Courtesy of Netflix

In another sequence, Caballero helped Iñárritu conjure his very own large-scale art installation, of sorts, as Silverio first traverses the streets of modern-day Mexico City before ascending a mountain of piled bodies leading to explorer Hernán Cortés. The sequence was staged in the middle of Zócalo square, built at the center of the former Aztec capital of Tenochtitlan, which became the foundation of the city as we know it today.

“For me, it is important to understand that there is another way of looking at the city,” Caballero says. “The downtown streets were all transformed. We worked on every facade so that every piece of graffiti, every bit of urban art, had a particular meaning. We went facade by facade, curtain by curtain, tone by tone. We left some stores the same, but others we transformed so that they could have a mixture of epochs.”

The aforementioned El Palacio del Baile California was a considerable challenge as well, given that it is long past its heyday and was in need of structural support before Iñárritu and company could even take it over and shoot there. Once it had been completely revamped from a design standpoint, Caballero then brought in hundreds of mirrors to assist Khondji in his elaborate lighting plan, which involved a series of cues set on a dimmer board to adjust the lighting in real time as they shot. The complexity required weeks of rehearsal to refine and calibrate.

That scene was also a bear for the film’s sound team, which had a wide variety of aural tasks to tackle throughout. Iñárritu says that, even before he starts the writing process, he ponders the role of music and sound in his films. What we hear in a movie is raw, the director notes. It’s a frequency that hits the body, that isn’t analyzed like the visual information of cinema. That’s a rich opportunity for him to connect with his audience in a primal way.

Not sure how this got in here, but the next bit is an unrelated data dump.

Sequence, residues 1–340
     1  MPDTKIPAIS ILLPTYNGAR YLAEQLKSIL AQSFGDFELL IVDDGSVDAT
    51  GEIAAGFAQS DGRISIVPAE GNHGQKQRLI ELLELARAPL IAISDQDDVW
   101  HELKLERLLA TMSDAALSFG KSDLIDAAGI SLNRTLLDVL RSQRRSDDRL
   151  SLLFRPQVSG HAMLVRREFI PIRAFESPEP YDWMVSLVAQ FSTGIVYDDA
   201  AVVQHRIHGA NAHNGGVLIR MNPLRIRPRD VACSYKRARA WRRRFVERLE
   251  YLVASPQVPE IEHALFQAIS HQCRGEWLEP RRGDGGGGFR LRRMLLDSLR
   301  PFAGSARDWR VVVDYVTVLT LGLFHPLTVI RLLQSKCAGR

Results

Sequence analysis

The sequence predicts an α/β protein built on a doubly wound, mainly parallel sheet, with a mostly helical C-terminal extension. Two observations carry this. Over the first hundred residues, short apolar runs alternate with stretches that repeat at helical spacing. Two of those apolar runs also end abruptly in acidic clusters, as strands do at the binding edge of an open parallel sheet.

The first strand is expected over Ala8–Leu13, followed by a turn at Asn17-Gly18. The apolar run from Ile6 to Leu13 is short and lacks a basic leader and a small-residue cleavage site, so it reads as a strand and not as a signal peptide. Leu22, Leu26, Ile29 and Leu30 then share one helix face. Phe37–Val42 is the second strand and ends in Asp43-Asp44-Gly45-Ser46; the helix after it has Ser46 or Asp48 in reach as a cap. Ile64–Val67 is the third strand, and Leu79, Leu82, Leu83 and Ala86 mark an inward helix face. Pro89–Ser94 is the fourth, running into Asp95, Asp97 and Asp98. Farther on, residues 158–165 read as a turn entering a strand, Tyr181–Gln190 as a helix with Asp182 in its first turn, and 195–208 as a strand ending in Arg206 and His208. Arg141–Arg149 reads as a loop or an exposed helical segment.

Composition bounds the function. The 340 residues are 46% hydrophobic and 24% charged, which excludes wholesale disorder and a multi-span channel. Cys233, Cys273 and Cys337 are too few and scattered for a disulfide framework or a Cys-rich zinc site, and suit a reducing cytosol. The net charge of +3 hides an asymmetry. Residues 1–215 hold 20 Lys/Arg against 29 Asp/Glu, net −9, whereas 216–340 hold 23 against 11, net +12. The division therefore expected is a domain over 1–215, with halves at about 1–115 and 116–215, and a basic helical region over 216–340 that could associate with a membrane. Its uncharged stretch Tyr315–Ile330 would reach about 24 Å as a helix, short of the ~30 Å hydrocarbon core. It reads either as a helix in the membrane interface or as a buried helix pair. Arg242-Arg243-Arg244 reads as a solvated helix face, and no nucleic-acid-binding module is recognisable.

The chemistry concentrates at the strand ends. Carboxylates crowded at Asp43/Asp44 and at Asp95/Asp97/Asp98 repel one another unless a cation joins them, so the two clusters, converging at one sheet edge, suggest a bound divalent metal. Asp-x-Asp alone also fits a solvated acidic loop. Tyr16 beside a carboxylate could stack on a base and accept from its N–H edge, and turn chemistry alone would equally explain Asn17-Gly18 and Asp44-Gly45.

“Alejandro’s memory of sound is unparalleled,” says sound designer Martín Hernández. “He can remember resonances, reverb time, levels. Bardo is about his memory, or the way memories interact.”

In the dancehall, production mixer Santiago Núñez laced the set with dozens of lavalier mics, booms, rigs and planted devices to pick up every nuance he could. The resonance of the real location was a particular treat. One show-stopping moment in particular features David Bowie’s popular song “Let’s Dance,” a cappella, and like everything else in the film, there was clear intent behind the choice.

Courtesy of Netflix

“All the music that I used was written into the script,” Iñárritu says. “Very early, I had this crazy idea of ​​using the song a cappella. I wanted people to submerge into a radical point of view with the character. In this dream state, when you sing a song that you like, you just mumble the lyrics. That’s how it sounds in your consciousness. You strip the music away. I wanted that sensation. It’s a moment of joy for Silverio.”

The result is a shot that unfolds over several minutes tracking in and around some 800 extras as Silverio rejoices in a sea of ​​revelers.

In the end, the many tools at Iñárritu’s disposal as a filmmaker come together to construct a work that is at once intimate and epic. It’s a reflection of national pride and personal identity, from an artist at a crossroads, eager and able to communicate those thoughts and feelings to a broader audience through the power of cinema.

Check the latest Hollywood news here.